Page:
Where does Joe Biden go from here?

At this moment, it appears the “less is more strategy” could be the best route for the former Vice
President. Currently, the former VP is campaigning on the internet from the comfort of his basement.

Some voters would like to see the former VP doing more to connect with Democratic voters across the
nation. However, in the time of the COVID-19 crisis, Biden appears to let Trump do some of the
campaigning and messaging on his behalf.

Watch Dr. Christina Greer, Matt McDermott, and Lincoln Mitchell as they discuss the #2020Election on "The Election Show on MNN". Airing on 9:30pm MNN1 or MNNHD Wednesdays and Sundays.

The president has delivered daily diatribes for the past month. With each passing briefing the contrived
theories and incompetence of the president are on full display. For now, Trump appears to be making
the case for a Biden presidency with each incoherent rant. Although polls show the Biden strategy of
allowing Trump to take votes away from himself seems to be a legitimate strategy, Biden will need to do
more over the next few months to give voters not only a case against the sitting president, but a
concrete rationale to vote for him.

Part of Biden making his case to the American public will largely rest on his choice for a vice presidential
running mate. In the past, the vice presidential pick as not made a game changing difference. However,
in this election Biden’s selection will definitely be scrutinized in specific ways. First, Biden pledged to
choose a female running mate. Whether he will choose an African American woman (as he initially
stated) or a non-Black elected official will be a clear indication of Biden’s proposed electoral strategy.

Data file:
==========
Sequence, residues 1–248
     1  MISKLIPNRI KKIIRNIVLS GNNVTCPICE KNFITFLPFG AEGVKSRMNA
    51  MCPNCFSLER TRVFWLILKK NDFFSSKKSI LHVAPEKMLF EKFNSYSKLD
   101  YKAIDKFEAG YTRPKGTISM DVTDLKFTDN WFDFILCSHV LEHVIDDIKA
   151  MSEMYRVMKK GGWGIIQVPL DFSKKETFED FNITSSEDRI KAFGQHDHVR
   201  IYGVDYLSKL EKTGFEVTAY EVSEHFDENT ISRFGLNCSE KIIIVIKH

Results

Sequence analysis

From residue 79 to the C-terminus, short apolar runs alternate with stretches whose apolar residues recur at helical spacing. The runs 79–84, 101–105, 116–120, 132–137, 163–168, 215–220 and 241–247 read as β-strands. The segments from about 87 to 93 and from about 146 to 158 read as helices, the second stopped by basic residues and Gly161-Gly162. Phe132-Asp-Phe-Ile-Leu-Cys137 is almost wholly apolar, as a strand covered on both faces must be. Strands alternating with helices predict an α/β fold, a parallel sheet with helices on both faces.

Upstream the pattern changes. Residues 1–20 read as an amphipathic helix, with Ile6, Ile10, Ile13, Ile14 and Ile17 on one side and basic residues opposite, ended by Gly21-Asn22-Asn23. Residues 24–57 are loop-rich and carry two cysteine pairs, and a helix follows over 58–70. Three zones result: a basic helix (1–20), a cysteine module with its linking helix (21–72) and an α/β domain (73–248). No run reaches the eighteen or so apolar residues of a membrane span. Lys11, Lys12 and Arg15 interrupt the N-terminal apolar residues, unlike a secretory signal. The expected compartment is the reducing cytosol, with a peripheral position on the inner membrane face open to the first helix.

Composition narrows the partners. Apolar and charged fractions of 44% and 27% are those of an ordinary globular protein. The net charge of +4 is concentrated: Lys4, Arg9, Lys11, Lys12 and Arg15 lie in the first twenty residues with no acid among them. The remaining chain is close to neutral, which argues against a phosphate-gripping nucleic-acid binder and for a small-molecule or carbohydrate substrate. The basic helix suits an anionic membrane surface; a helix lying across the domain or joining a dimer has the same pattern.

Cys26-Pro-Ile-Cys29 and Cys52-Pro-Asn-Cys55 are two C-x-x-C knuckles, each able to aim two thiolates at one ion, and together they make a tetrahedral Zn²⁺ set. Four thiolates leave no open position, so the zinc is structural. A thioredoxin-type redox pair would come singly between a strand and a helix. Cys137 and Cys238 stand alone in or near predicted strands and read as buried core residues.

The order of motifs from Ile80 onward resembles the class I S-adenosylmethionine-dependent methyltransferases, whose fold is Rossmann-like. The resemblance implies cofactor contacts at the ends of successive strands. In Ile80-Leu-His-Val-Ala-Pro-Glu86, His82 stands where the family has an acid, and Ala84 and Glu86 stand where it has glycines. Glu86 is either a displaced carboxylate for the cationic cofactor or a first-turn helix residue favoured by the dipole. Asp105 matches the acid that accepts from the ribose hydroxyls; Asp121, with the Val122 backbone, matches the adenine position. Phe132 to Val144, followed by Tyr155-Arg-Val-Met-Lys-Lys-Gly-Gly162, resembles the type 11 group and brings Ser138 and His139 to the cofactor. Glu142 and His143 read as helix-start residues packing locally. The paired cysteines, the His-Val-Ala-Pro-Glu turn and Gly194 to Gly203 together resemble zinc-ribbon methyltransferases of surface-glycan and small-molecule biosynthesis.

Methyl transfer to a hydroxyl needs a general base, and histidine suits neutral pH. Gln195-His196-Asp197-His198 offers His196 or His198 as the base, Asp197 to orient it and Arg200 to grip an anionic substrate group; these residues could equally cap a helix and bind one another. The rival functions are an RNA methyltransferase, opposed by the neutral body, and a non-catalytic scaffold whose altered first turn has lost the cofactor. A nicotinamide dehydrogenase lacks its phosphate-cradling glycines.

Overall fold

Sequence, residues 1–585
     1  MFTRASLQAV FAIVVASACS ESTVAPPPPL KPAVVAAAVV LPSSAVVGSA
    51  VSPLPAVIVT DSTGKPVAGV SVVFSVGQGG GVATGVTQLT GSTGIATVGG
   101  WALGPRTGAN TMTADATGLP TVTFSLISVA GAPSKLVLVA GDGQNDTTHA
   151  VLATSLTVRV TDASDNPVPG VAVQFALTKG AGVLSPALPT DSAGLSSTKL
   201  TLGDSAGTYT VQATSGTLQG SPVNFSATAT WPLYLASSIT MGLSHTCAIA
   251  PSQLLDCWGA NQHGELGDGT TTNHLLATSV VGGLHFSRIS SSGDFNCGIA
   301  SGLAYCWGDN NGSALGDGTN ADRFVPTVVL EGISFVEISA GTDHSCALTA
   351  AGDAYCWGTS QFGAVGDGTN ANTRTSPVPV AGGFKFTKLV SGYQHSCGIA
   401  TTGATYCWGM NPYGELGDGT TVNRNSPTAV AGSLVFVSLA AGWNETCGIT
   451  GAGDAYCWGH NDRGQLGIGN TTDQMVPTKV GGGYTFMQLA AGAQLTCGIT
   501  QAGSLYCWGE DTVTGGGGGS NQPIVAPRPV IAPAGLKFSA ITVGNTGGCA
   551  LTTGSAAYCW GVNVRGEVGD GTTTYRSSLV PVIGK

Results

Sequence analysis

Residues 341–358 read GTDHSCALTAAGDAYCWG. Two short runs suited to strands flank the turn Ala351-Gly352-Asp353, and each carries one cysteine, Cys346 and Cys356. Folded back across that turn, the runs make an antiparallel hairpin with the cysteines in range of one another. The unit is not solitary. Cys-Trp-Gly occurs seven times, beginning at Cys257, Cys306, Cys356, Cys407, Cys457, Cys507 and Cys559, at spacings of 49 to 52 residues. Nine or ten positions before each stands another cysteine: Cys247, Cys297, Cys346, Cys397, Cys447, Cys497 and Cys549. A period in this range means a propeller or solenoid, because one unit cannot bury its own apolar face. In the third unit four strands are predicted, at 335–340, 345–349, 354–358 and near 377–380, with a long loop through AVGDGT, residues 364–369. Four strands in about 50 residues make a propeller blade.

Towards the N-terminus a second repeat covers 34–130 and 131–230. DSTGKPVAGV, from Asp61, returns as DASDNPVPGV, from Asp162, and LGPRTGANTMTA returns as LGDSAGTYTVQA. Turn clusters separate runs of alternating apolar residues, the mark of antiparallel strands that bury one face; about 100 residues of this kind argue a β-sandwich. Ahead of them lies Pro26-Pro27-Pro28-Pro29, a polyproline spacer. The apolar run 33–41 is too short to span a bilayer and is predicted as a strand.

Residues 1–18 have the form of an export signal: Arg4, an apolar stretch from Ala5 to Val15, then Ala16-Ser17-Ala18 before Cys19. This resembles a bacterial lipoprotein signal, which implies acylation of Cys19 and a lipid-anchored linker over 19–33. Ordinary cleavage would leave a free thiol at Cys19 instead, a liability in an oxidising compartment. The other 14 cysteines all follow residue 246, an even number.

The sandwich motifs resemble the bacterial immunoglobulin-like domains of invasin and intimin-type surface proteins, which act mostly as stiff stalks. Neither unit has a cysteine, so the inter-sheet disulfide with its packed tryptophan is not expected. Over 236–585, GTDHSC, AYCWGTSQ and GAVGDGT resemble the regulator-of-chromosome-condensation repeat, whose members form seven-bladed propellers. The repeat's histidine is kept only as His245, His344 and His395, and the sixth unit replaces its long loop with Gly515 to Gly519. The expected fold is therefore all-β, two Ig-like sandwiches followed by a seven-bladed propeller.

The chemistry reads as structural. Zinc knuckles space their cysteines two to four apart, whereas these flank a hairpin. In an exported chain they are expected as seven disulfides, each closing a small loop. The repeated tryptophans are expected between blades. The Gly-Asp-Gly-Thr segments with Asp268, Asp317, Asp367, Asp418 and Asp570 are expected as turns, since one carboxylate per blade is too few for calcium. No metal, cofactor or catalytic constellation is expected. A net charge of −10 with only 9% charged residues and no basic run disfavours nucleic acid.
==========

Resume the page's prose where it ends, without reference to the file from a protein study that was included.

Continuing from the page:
Due to Biden’s advanced age, the age and experience of his running mate will also be scrutinized. If
successful, Biden will be the oldest U.S. president in our nation’s history, being sworn in at 78 years old.
The role and presence of his number two will be a position of great curiosity to Democratic and
Republican voters alike.

The Democratic Party has several factions, but the progressive and centrist wings of the party were on
full display during the Democratic presidential primary and the exchanges between Biden and Vermont
Senator Bernie Sanders. Although Sanders was not able to translate the excitement of his followers into
a substantive electoral strategy, Biden will need to include those voters in his messaging and policy
proposals. Biden and the Democratic party cannot afford to have disaffected progressive voters sit out
the election on November 3 rd , vote but ignore the top of the ticket, or vote for Trump or an alternative
party candidate, as quite a few Bernie supporters decided to do in 2016.

Biden has a long and complicated campaign season ahead of him. The Coronavirus has made
campaigning a unique challenge and Biden’s communication style, surrogate selection, vice presidential
selection, and policy incorporation must be coordinated for an electoral victory in November.

Christina Greer, Ph.D., is an associate professor at Fordham University, political editor at The
Grio, the author of “Black Ethnics: Race, Immigration, and the Pursuit of the American Dream”,
the co-host of the podcast FAQ-NYC and co-host of The Election Show on MNN.